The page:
23 November
Lk 19:41-44

As Jesus came near and saw the city, he wept over it, saying, "If you, even you, had only recognised on this day the things that make for peace! But now they are hidden from your eyes. Indeed, the days will come upon you, when your enemies will set up ramparts around you and surround you, and hem you in on every side. They will crush you to the ground, you and your children within you, and they will not leave within you one stone upon another; because you did not recognize the time of your visitation from God."

The journey to Jerusalem is almost over.  In the verse just before this reading, the people were singing and shouting for joy as they accompanied him.  Suddenly a change of mood: Jesus himself is weeping.  (Luke’s gospel is noted for these contrasts: the Beatitudes and the woes, the two in the Temple, the rich man and Lazarus.)  Jesus lamented over Jerusalem.  He wept.  He did not weep because he hated cities.  He wept because he loved.  Love is the right reason for most things.  His words were almost entirely of quotations from Old Testament prophets: Jeremiah, Isaiah, Ezekiel, Hosea…. He was not the first to grieve over Jerusalem; nor was he the last.

Across the valley from the city of Jerusalem there is a little church called 'Dominus flevit', which means 'The Lord wept'.  On the base of the altar there is a small mosaic showing a mother hen with her chicks.  They are under her wings for protection, some of them peering out in the way that chicks do.  It is the only representation I have ever of Jesus’ saying that he wished he could gather the people of Jerusalem to him in the way a hen gathers her chicks (Mt 23:37; Lk 13:34).   It is a motherly image, warm and protective.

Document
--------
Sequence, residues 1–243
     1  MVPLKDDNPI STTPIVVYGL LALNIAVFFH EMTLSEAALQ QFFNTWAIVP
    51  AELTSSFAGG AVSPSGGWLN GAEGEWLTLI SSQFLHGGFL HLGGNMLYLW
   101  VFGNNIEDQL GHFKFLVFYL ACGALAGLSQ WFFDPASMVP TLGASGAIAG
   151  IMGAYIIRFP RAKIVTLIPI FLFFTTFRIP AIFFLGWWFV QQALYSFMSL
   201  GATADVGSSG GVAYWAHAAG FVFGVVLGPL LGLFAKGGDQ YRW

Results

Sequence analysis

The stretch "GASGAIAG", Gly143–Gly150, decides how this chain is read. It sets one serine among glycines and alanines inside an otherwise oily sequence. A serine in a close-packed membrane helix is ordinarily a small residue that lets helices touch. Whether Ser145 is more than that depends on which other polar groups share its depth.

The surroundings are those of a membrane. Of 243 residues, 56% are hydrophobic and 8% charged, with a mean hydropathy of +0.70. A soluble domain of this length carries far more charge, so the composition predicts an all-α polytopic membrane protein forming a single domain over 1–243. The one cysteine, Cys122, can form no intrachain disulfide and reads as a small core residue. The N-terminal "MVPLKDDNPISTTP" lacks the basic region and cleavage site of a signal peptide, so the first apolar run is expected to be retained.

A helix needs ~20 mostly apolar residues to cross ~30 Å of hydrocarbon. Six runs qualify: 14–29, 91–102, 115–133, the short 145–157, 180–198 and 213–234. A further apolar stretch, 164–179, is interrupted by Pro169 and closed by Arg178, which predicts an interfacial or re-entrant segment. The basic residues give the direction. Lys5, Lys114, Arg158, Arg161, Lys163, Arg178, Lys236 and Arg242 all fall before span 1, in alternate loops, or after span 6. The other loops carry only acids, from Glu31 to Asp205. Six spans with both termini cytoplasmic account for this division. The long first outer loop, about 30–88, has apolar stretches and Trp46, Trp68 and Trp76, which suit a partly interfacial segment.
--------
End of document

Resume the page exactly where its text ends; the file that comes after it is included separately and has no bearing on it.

If you think it is too sentimental an image you can think of it as follows.  We used to call the Church on earth "the Church militant," a rather off-putting image, suggesting fundamentalism; but it meant to convey that we are struggling with sin, in other words, with ourselves.   The trouble with us is that we find it all too easy to be militant against other people, but we are chickens when it comes to struggling with ourselves.  

 

 
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This page gives a very brief commentary by Donagh O’Shea on the gospel reading for each day of the month. 

 

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